Posts Tagged ‘Facebook’

I’ve been using the social location app Foursquare for almost a year now and that’s because of two things: it’s fun and it works. I have enabled the option that tweets my location and a note, should I choose to include one, whenever I check in – and it works every time.

If one of my Foursquare “friends” checks in, I get a tweet telling me so. One day, one of my friends checked in to the same coffee shop three times, so I emailed him saying a little Foursquare bird told me he’s addicted to the place. Fun.

In the year I’ve been on Foursquare I can only remember it being down once – and that wasn’t very long.

During the same year, at least two competitors emerged as potential threats to Foursquare. The first was Gowalla, a service very similar to Foursquare – but way less clear how to use.

Then, this past August, none other than the mighty Facebook launched Facebook Places with much fanfare.

I tried Places and, instead of getting satisfaction – I got a spinning hour glass – for hours.

I still hasn’t worked once on my iPhone, whereas I continue to happily check-in and share with Foursquare.

Have you got Places to work for you?

This is the first followup to my post,  Want people to love your content? Let them co-create it. that gives a great example of how to do just that.

The latest email I received from the very informative Social Media Examiner has an article titled “21 Creative Ways To Increase Your Facebook Fanbase“.  I haven’t got through the whole thing yet (I think webland has made me incapable of absorbing 21 things at a time) however, I did get far enough to find one tip that inspired this new blog segment.  Here it is:

Tip #7: Get Fans to Tag Photos

If you host live events, be sure to take plenty of photos (or even hire a professional photographer), load the photos to your fan page and encourage fans to tag themselves.

This tip combines two powerful ways to get people to love your content:

1) Hold, or help your clients hold, face-to-face meetings

2) Encourage them to record and upload what happens in those meetings (and give them the tools if needed)

Because they’re at the meetings they’re in the content and there’s nothing people love more than reading about, hearing or seeing themselves in content they helped create themselves. Well, maybe the one thing they love more is sharing that content with others.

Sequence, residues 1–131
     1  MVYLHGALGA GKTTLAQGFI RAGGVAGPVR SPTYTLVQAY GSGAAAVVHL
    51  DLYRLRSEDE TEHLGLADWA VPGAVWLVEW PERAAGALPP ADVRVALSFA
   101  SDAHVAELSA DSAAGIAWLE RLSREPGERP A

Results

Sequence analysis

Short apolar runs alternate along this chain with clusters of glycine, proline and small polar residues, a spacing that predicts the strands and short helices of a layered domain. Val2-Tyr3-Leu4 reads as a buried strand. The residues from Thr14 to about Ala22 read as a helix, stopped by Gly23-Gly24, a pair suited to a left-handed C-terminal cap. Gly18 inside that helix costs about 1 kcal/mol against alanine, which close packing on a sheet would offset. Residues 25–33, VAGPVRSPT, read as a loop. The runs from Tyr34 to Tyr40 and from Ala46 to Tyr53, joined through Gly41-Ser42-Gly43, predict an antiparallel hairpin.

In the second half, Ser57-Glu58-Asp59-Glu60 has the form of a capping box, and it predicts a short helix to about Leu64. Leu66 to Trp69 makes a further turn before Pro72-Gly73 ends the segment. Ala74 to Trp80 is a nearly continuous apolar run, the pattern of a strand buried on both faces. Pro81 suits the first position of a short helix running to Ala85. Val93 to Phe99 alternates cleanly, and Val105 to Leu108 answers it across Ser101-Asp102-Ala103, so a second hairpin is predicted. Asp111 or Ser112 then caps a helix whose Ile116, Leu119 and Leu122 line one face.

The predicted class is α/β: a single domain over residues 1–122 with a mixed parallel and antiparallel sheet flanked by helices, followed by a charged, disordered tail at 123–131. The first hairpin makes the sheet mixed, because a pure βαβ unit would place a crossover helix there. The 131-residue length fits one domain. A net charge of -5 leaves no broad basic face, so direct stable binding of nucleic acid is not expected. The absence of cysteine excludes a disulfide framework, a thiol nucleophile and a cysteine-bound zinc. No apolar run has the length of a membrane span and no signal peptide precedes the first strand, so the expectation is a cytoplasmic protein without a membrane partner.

Got a good co-creation idea? Feel free to co-create by leaving a comment!

Stories like this don’t happen everday – but they should, and hopefully will, more often.

Over the weekend Greenpeace Canada posted a video on YouTube critical of food giant Nestle’s use of non-sustainable palm oil in products like its popular KitKat chocolate bar. Greenpeace asserts Palm oil is made on plantations created by razing the Indonesian rain forest – a major source of greenhouse gas reduction and orangutan habitat. The video shows a bored office worker chowing down on a KitKat unaware that what he actually pulls from the wrapper are orangutan fingers – complete with oozing blood.

Nestle quickly had YouTube pull the video for “copyright infringement” but not before it was copied to other sites on the net. You can see the video as part of this Digital Journal ariticle.

In the March 22 episode of the social media podcast, For Immediate Release (FIR #536), hosts Shel Holtz and Neville Hobson reported that the issue spilled over to Nestle’s Facebook page – which had more than 94,00 fans at “press” time. [“Pressing” the Publish button on my blog that is:-)] They said many fans of the page had answered Greenpeace’s call to change their fan pictures to anti-Nestle logos like this:

Bill Hunter

They also said that Nestle had responded by deleting the pictures and having one of their PR people respond, sometimes rudely, to some of the comments on the page. Nestle then, apparently, reversed its decision, stoppped deleting the logos and had the PR person apologise. A look at the page now suggests the FIR report was right on the money. The logos are there as are all the negative comments. The page is now an ad for how bad Nestle is and Nestle, to their great credit, is letting it all happen. In addition, a March 23, Vancouver Sun story reported that “Nestlé responded to the campaign within hours, announcing it would follow in the footsteps of other companies, such as Unilever and Kraft, by cancelling contracts with [Nestle’s Indonesian supplier of palm oil] Sinar Mas. The Switzerland-based company has also committed to using only “certified sustainable palm oil” in its products by 2015.”

It took them a while but Nestle finally got it and learned that real power lies in letting people comment, listening to what they say and changing if you’re in the wrong.

None of this is easy to do, especially for large companies. However, these companies, and the people who run them, didn’t get where they are by doing what’s easy.

Well done Nestle. And well done Greenpeace. I think I’ll go have a KitKat…

If you have a story about progressive groups using social media to spur change or any other thoughts on this post please leave a comment!